Once the BBC’s extensive (and we mean non-edited, minute-by-minute, multinational) coverage of the Olympics came to a close, we were excited to continue exploring British primetime television. In general, the BBC has the reputation PBS wishes it could. Of course, we were aware of the reputation of BBC programming considering the many shows which have either been remade for US television (The Office, House of Cards) or made it across the pond in their original form (Sherlock).
Best of all, no commercials! How do the Brits have the budget for such stellar production? Does the government require all its citizens to pay some sort of tax in order to fund quality programming for free to the populace?
Well, yes. Her Majesty’s Revenue and Customs (the UK IRS) collects an annual 150 pound tariff from each resident across the UK. There is no option to be exempt. If you try to evade it, they will come to your door step with tier hands out. They. will. find. you. At your work, at your home, through a wall (Stranger Things-style). Like I said, they’re the IRS of the UK. In return, every household can just plug their TV into the wall and get not only a few different BBC channels (in HD as well), but an additional 30-something channels through the Freeview system.
We have a telly, so why not take advantage of this free(ish) television? A couple US friends had recommended this show named The Great British Bake Off. I ignorantly thought, “another cheesy baking show, brimming with petty drama and sterile, wannabe- artisanal dishes?”
Your majesty, I’m sorry. I will never presume anything so negative about British television again.
The Great British Bake Off (#GBBO) is THE perfect balance of drama and realism that is frankly lacking in American reality TV!* The baking really is front and center and while they do delve into the personal stories of the contestants, there’s no forcing sob stories or contrived conflict on the viewer.
Anytime we watch a cooking competition on the Food Network, the first 20 minutes of the program are inevitably some sob and/or inspirational story for each contestant. In the GBBO, each contestant averages about a 7 second intro (“This is Pippa, she has 7 kids and likes to look at rocks. The shapes of rocks inspire her baking.” DONE) and the rest is all about the baking. Granted some competitions require you to bake
something symbolic of your background, but again, it’s all about the baking (This is Jim, he once went to Italy so he’s making his scone look like the leaning tower of Pisa).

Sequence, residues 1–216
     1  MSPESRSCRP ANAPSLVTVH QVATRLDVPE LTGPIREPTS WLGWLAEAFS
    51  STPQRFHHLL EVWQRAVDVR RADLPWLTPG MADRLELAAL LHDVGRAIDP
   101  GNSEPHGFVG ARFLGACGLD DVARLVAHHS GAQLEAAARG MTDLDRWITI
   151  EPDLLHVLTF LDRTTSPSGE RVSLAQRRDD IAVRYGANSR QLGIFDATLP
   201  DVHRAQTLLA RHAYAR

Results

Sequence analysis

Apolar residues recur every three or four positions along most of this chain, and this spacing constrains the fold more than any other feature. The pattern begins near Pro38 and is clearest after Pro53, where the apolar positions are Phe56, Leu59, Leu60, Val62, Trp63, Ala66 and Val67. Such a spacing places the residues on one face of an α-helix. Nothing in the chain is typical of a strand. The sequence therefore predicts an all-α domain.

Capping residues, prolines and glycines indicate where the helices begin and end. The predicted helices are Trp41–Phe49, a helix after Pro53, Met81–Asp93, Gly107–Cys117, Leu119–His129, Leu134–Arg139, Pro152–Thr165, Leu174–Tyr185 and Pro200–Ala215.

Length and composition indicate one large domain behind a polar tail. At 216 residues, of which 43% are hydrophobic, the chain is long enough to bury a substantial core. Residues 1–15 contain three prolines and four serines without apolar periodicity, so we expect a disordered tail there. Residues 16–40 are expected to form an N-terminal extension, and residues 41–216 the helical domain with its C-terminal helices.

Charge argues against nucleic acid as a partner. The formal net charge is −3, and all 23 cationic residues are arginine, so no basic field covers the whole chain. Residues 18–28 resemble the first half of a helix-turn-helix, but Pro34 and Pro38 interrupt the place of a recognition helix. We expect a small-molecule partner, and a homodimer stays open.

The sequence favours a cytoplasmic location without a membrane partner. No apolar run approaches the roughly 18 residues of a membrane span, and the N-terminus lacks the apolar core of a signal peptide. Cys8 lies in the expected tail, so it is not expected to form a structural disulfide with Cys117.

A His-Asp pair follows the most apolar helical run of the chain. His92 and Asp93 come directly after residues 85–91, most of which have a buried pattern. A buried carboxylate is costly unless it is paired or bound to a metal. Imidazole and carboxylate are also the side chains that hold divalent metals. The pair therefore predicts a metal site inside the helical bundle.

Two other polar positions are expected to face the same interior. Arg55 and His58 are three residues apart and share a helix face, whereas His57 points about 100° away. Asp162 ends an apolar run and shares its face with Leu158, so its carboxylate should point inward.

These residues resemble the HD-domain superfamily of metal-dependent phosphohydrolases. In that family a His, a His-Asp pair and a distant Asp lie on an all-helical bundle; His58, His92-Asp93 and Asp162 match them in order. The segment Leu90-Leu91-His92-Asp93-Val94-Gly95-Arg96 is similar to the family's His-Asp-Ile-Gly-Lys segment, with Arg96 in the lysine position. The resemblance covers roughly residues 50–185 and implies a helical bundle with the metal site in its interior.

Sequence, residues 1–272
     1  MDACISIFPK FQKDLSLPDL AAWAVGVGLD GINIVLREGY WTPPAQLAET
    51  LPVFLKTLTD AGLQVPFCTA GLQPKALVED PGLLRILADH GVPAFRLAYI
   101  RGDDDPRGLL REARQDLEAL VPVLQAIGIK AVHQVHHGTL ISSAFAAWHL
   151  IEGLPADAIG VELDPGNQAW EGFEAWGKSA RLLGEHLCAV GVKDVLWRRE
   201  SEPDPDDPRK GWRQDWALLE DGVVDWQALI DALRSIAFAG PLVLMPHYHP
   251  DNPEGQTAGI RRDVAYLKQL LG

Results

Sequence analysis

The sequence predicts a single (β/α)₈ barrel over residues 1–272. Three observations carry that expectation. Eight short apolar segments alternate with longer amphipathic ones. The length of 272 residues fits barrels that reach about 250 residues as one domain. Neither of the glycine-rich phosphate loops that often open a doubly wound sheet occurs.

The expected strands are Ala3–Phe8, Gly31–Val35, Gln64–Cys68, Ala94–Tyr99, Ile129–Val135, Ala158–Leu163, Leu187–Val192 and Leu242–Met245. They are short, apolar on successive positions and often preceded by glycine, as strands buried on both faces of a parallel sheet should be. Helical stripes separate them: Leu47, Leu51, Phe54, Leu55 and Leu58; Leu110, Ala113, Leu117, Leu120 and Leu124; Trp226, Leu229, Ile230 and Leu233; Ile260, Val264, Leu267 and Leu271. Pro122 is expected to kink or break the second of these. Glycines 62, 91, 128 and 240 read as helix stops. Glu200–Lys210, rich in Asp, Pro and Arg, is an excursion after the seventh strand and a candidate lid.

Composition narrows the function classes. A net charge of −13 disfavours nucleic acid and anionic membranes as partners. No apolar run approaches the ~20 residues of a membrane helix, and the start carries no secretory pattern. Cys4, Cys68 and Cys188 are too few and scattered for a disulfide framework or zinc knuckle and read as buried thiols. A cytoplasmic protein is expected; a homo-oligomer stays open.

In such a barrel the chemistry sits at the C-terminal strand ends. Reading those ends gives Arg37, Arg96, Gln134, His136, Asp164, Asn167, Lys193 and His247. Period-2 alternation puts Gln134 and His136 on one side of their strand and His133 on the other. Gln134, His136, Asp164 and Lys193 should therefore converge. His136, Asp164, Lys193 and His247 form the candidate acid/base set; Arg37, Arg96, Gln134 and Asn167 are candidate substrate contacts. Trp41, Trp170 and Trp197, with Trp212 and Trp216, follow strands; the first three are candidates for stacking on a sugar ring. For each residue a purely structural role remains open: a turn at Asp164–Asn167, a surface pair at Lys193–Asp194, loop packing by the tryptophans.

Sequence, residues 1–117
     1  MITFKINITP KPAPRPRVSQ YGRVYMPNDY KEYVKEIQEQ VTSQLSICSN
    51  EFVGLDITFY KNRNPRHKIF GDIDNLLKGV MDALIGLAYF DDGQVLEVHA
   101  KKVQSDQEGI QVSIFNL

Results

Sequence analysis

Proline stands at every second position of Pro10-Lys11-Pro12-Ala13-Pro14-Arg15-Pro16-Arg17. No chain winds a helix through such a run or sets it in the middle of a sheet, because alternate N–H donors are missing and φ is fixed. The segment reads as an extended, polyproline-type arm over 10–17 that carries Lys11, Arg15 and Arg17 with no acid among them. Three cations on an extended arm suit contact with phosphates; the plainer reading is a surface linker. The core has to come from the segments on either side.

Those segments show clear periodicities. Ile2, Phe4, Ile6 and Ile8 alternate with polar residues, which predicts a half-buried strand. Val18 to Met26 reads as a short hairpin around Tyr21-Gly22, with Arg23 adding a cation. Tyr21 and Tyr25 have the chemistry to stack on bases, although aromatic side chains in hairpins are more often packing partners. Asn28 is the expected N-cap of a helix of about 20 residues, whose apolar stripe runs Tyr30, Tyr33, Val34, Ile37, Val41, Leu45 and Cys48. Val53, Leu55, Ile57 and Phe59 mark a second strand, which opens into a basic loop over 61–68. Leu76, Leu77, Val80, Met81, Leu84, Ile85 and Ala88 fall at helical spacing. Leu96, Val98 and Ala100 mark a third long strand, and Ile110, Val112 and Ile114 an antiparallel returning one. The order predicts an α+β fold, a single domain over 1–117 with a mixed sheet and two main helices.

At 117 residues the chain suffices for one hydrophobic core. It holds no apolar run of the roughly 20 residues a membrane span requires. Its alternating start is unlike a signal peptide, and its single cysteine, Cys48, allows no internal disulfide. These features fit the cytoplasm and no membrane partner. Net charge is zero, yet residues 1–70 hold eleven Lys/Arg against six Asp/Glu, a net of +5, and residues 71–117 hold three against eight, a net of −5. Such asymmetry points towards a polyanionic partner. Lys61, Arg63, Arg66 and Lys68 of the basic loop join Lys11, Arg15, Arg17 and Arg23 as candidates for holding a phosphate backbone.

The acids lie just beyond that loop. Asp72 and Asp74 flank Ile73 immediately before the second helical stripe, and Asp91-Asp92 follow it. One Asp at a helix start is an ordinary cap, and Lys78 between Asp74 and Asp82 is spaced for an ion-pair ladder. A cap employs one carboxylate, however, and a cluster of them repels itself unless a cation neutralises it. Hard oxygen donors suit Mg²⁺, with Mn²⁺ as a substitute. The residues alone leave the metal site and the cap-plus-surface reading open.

The format of the show is similar to Top Chef–each week contestants complete 3 different baking challenges around a certain theme (Bread!, Biscuits! etc.), and the weakest performer goes home each week. The first challenge is one they’ve been able to prepare for, the second is usually something a bit strange that they get a bare bones recipe for and is judged blindly, and the third is the “show stopper” requiring the wowing of the judges.
The ways that the contestants can defy gravity are outstanding–a centerpiece weaved basket (handle and all) made out of bread?! A multi-story pub built out of gingerbread?!
The judges themselves are as much, if not more, of a draw than the actual competition. Think American Idol but way less annoying.
Paul Hollywood = He wants to be the mean hardass and is skeptical of basically everything but the dude knows his baking. Mainly he just tells it like it is. He won’t sugar coat your undercooked cake but he’ll gush about your perfectly cooked pastry.
Mary Berry = Basically your grandma if she was British and loved to bake. Note: This might actually describe your grandma. If your grandma is in fact Mary Berry please let us know in comments.
And then, of course there are the hosts (or presenters as the Brits call them,) Sue Perkins and Mel Giedroyc who keep things light with their frequent puns, cute commentary and frequent digs at Paul.
It’s still early on in the season, and we’re eagerly awaiting next weeks’ episode. U.S. of A.-ers, you are able to stream some previous seasons on Netflix, free of charge! Unfortunately here in the UK, we need to pay 20 quid PER SEASON to watch previous seasons (and yes, we’ve tried to crack the code for days), but I suspect that’s what happens when you’re the highest ranked show in the UK at 15 million viewers plus now that Top Gear is over the BBC is going to need another money maker.
[UPDATE LITERALLY HOURS BEFORE POSTING]: So, apparently the BBC lost the rights to the show since they couldn’t fork up enough money. Welp, capitalism at its finest.